When a young couple Polly (Jill Wagner) and Seth (Paulo Costanzo) head out into the wilderness for a romantic camping weekend, their idyllic getaway is ruined when they are car jacked and taken hostage by convict Dennis (Shea Whigham) and his junky girlfriend Lacey (Rachel Kerbs). On the run from the law the foursome travel the rural back roads of Oklahoma. The couple find themselves in even deeper parasitic trouble when the group get trapped in an isolated gas station by a blood-crazed, voracious, bug, Splinter. The parasite creature absorbs and transforms its dead host into a living parasitic, deadly nightmare. With the couple and the escaped convict in the sights of the creature, the group now have to work together using their wits and any weapon they can fashion to survive this terror.
Directed by Toby Wilkins, Splinter is certainly a creepy-crawlie-slimy horror film. As we watch the panic-stricken folks shelter in at the abandoned gas station with no phone or any form of rescue, the real question comes to play how can they fend off the parasitic creature when they can’t even trust each other? Remember the couple would have never been in this mess if it wasn't for being hijacked by the convict. Nevertheless differences are put aside when an insatiable monster is on the loose. Like in most survival horrors rather than figuring out how to kill it, they would rather work together to escape and outwit the parasite. However after a gruesome scene that involves an unaware state trooper who is mangled and ripped in half by the creature, the group discover that escape wasn't going to be easy.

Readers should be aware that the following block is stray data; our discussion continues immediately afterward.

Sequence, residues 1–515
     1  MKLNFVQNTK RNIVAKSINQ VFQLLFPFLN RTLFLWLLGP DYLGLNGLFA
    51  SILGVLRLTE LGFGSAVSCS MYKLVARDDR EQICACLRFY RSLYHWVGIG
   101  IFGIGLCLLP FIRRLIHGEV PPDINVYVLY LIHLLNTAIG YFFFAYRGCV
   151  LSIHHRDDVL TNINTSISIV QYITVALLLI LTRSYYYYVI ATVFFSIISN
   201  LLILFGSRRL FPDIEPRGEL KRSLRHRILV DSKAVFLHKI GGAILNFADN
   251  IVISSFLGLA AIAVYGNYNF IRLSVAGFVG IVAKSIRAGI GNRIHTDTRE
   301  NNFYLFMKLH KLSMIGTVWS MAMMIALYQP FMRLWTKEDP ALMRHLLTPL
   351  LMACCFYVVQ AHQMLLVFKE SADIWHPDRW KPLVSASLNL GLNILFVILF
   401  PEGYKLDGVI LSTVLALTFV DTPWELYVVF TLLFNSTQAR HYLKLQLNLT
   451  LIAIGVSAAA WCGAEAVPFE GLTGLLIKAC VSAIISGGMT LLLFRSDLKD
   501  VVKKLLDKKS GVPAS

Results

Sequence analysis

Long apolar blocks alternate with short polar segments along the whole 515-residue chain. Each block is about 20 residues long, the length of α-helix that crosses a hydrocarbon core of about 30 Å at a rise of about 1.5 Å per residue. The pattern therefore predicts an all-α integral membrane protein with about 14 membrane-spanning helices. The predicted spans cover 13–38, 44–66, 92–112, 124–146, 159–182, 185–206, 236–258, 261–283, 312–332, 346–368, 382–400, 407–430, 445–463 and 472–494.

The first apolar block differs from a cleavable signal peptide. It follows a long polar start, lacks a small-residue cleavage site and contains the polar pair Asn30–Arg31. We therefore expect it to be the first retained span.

Apart from being a competent indie horror flick, Splinter certainly does have enough gore to satisfy the genre fans. The fast-paced editing, shaky camera framing and jarring effects are a brilliant touch to create a suspenseful atmospheric ambiance. Very similar to another indie horror, Brad Anderson’s Vanishing on 7th Street (2010), you don't actually need to see the figure to get frighten. That leaving it to the viewer’s imagination has far more profound effect.
Being labelled as an indie B movie horror, Splinter should certainly be praised for its suspenseful narrative, a well groomed and acting cast and most importantly its minuscule budget is never seen or felt throughout the film. Director Toby Wilkins does a great job with the tools and budget that he had and managed to assemble a great cast. I do love my gore and horror but there is a thing of too much blood and guts. Splinter never crossed the line as an explicit gory horror like the Saw franchise or Hostel trilogy. Splinter shied away from the gore and kept in the realm of horror and thriller that closely resembles John Carpenter’s The Thing (1982).